SmartAsset's decision to start closely managing the referral process also reflects the tendency for erstwhile digital-only advisor servicers to bite the bullet and add humans to the mix in search of improvements. See: Betterment rolls out free baseline human advice.
Until recently, a key difference in how RIA custodians -- namely Charles Schwab & Co., TD Ameritrade and Fidelity Investments -- get assets from brokerage branches and how SmartAsset works is the fact that advisors pay a nominal, one-time fee for a lead through the start-up's website.
Custody referrals are more typically successful, though RIAs are obliged to dole out hefty recurring asset-based fees each year. See: How one firm is supposedly cracking lead generation.
In contrast, SmartAsset charges RIAs a flat fee per lead, relative to their investible assets.
Prospective clients with less than $100,000 cost advisors $25; for leads with more than a $1 million, advisors must stump up $240.
SmartAsset's new human-managed leads come at roughly three-times these prices, but such fees are only paid once.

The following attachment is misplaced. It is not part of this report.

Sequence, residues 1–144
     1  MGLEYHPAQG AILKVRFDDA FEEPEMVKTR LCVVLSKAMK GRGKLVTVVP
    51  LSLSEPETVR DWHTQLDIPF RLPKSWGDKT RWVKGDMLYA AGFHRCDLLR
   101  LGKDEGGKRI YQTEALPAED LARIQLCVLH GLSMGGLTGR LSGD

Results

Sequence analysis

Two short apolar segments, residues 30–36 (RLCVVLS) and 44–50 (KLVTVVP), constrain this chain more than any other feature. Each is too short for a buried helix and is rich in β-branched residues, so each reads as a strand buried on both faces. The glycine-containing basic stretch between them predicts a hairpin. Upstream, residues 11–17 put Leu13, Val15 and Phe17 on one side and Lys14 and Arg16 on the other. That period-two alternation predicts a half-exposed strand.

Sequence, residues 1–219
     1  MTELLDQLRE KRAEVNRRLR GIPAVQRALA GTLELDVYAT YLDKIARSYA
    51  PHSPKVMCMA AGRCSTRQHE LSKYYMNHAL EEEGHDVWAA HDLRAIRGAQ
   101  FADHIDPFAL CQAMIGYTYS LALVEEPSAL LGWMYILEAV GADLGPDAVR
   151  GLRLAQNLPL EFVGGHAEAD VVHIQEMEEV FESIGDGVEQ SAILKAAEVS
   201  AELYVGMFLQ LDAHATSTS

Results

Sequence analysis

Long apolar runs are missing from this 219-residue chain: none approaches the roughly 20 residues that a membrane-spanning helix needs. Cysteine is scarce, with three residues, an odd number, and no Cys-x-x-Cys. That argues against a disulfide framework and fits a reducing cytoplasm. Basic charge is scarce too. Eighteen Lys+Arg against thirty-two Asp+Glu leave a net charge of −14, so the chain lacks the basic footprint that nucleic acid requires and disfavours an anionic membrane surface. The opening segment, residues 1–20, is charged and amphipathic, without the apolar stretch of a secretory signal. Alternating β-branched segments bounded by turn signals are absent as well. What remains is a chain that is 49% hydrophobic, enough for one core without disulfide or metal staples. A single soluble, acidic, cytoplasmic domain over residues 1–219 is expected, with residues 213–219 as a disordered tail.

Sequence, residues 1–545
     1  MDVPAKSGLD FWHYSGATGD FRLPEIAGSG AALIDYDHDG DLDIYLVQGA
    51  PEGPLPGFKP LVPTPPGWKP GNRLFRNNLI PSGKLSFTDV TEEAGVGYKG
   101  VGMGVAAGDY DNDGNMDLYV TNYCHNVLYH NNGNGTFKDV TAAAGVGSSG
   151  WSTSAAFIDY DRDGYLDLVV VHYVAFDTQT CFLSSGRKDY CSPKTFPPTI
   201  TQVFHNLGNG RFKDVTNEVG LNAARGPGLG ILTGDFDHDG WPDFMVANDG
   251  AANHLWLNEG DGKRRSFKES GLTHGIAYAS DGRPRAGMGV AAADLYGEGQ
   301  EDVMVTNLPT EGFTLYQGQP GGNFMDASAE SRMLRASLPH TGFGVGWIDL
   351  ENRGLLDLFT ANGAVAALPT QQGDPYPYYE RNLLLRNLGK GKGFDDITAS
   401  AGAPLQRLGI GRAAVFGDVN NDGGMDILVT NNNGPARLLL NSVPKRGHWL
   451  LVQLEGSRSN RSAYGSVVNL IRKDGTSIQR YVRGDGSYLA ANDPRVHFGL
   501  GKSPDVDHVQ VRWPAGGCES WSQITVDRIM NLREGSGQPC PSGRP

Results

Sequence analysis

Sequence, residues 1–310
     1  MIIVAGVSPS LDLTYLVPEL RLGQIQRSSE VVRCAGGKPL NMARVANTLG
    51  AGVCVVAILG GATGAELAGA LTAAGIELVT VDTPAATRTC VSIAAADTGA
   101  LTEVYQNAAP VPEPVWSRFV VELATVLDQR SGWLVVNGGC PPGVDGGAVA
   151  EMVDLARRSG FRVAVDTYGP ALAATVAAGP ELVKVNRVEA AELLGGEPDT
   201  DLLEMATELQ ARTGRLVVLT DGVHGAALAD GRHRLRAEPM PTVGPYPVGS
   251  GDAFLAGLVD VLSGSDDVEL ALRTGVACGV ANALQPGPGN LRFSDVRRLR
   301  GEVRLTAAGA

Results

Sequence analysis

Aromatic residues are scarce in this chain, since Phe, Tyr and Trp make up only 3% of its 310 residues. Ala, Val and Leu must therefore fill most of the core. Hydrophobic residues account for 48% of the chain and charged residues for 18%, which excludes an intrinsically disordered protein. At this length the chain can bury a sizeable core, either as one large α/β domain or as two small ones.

The average advisor spends between $1,000 and $3,000 per month on SmartAsset’s services, according to the firm.
Under the hood
SmartAsset generates its leads by publishing a raft of financial content through its own website network, Captivate, which partners with sites like AOL, CNN Money and Marketwatch.
Captivate embeds lead generation tools, like retirement calculators, inside SmartAsset content and follows this up with a 25- to 30-question survey that matches these leads with an advisor.
As a result, SmartAsset draws customers based largely on life events like a death, inheritance, marriage, a college-bound kid or a desire to buy a house and offers specific advice tailored to each.